Thursday, June 16, 2011

Spain and the World: Aspects of the Spanish Revolution and Civil War (5)

British Imperialism and non-intervention

The revolt of the sections of the Spanish army led by Franco in July 1936 left the British ruling class with a series of immediate dilemmas, the most important of which was to stay out of a war that had a potential to conflagrate and not to support the Republic a state that had shown itself incapable of stable government. The British ruling class hoped that Franco’s forces would be quickly successful and stable government that represented no threat to British interests would resume.
Leon Blum : Socialist Prime Minister of France's Popular Front Government
The establishment of the Non-Intervention Committee
Since the First World War Britain and France were in alliance and tended to follow the same diplomatic path. In 1936 a Popular Front government was elected in France consisting of Socialists, Radicals and Communists. This government had strong links with the Spanish Popular Front government in Spain and indeed contracts in place were for the provision of French arms and munitions for Spain. Immediately after Franco's revolt some aeroplanes and other munitions were dispatched to Spain on the order of the French premier Leon Blum. Blum had strong sympathies for Spain but found himself constricted in his actions by the attitude of the British, the possibility of a split in the French government with the Radicals clearly indicating their aversion to any support to Spain; and lastly the possibility of igniting mass protests against the PF government by the very large French fascist
movement. Leon Blum therefore proposed to the British the setting up of a committee to ensure the neutrality of European countries in regard to the Spanish conflict. The Non-Intervention Committee first met in September 1936.

The British government and the politics of non-intervention

Among academic historians controversy surrounds the amount of overt pressure that was placed on the French to fall in line. The point is however, that in foreign affairs at this time the British were the dominant partner and it was unlikely that the French would do anything that contravened the wishes of the British.

For the British Blum's idea was a godsend on many counts. It meant that Britain could present its policy as being part of a European initiative; the French and the British were speaking with one voice. The policy had the general support of the British public. It wrong-footed the Labour Party which could only go along with a policy initiated by French socialist. Lastly, it would not entail support for a government which allowed armed workers onto the streets and ordinary sailors to take over its fleet; and it was not siding with the Soviet Union. However what was envisaged by the British as a temporary situation soon became prolonged as Franco's rebel army with German and Italian air support was stopped at the gates of Madrid in November 1936. The British continued to pursue this policy to the end of the Spanish Civil War in April 1939. For the left this was and is a sell-out, a betrayal, cowardice in the face of the obvious fascist threat to peace. To defeat the fascists in Spain may have altered the course of history - the second world war might not have happened. To pursue this line of analysis is to be blind to the role of British Imperialism and the role of Empire in decisions that were made. The speculative big 'IF' of history has no place in the concrete analysis!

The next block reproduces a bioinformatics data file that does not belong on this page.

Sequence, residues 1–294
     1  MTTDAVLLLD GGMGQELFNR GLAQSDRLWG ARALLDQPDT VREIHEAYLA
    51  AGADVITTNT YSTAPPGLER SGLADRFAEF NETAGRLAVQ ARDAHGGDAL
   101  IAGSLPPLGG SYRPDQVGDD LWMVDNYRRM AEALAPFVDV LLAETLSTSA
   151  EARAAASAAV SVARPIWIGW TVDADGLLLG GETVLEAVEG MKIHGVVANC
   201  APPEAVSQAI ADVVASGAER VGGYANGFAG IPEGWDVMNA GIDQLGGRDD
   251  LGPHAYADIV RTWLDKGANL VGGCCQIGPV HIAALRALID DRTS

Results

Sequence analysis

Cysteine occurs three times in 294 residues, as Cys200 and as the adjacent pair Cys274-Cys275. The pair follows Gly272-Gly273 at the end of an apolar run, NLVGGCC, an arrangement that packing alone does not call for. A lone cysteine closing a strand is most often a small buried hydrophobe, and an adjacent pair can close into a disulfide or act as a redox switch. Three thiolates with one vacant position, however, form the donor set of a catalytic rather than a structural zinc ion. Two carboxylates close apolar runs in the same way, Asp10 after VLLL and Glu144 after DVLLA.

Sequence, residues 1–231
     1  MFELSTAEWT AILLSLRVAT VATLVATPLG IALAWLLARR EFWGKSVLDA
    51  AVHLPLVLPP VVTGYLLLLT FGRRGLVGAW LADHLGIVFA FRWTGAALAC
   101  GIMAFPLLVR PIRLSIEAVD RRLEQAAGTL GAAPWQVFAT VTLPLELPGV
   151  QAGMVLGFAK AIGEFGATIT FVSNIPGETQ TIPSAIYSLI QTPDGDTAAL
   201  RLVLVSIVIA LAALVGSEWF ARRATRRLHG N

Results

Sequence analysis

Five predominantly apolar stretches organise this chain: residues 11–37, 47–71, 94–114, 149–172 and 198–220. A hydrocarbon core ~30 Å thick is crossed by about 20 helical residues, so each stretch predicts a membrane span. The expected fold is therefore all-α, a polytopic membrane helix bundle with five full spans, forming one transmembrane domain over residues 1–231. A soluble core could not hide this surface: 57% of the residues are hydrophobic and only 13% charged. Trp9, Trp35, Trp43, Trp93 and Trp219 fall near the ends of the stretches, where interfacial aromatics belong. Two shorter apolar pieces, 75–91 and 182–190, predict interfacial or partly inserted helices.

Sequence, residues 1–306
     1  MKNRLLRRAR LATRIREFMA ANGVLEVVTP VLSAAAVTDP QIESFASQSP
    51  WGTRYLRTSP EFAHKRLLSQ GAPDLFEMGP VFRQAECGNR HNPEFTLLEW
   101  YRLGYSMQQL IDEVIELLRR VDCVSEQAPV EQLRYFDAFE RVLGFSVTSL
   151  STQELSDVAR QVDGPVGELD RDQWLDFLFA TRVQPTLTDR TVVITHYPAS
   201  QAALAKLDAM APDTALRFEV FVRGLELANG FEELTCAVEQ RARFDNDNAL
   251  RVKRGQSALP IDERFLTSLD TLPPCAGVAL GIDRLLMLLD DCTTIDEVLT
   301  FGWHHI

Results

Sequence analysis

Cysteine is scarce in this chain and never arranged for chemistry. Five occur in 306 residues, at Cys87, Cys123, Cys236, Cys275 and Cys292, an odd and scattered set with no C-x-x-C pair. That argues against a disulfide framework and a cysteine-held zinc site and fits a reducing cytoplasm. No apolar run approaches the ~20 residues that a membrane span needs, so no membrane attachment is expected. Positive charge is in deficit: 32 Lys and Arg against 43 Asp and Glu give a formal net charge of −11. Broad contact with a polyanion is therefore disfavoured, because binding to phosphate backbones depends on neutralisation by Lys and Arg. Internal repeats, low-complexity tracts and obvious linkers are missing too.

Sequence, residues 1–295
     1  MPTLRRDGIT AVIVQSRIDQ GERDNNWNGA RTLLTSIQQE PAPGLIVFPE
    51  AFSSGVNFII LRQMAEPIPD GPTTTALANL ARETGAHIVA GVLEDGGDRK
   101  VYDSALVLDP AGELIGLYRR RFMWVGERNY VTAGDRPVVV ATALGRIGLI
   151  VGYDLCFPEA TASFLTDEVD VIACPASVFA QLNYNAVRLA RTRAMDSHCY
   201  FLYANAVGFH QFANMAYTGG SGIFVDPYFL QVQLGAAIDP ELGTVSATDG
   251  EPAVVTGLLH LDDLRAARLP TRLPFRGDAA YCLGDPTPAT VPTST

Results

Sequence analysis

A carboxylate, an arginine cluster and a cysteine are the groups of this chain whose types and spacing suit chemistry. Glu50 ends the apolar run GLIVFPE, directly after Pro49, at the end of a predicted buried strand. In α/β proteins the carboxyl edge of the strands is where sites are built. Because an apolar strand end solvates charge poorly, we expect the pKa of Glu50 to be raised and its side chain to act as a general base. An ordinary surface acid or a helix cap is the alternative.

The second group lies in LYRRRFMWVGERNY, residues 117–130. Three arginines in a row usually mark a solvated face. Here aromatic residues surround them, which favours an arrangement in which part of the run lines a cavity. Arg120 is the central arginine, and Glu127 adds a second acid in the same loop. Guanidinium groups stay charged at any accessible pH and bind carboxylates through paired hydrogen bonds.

Rudolf Rocker - the German anarchist - examines this line of argument in his pamphlet 'The Tragedy of Spain' first published in August 1937. Rocker opens his pamphlet with an examination of the role of foreign capital in Spain and the dominant position of British capital there. British capital had interests in iron ore, mercury, aluminium and copper mining, railroads, and docks. The infamous Rio Tinto owned the largest copper mines in Spain and when this area was over run by Franco's forces in August 1936 a contract between Rio Tinto and Franco was drawn up so that Rio Tinto could carry on business as normal. Indeed Rocker was correct in pointing out that British investments in Spain represented 40 percent of all foreign investment. Trade between the two countries was also considerable with Spain exporting £10 million worth of goods to Britain and importing over £3 million. Before Franco's uprising there were fears for British property in Spain, as left wing newspapers urged nationalisation.

Rocker continues his argument by looking at the threats to the British position that came from all sides: the potential loss of investments if Franco wins the war; the increasing influence of Italy and Germany in Spain and the whole Mediterranean; the threats to communications of the British empire. On the other hand the defeat of Franco would give more impetus to the social revolution, yet another risk to British interests. For Rocker this is the crux of the British fudge of non-intervention:
'And in this situation lies the explanation of England's [sic] whole attitude on the Spanish question. It determined the so-called 'neutrality policy' of the English and French diplomats, which seems unintelligible only to those who think that the present power struggle between different power groups in Europe is concerned only with abstract problems like democracy and fascism. To one who is naive enough to judge the thing from that point of view the seeming blindness of English and French statesmen must of course cause a severe headache; but he will not have understood the heart of the question at all.' ...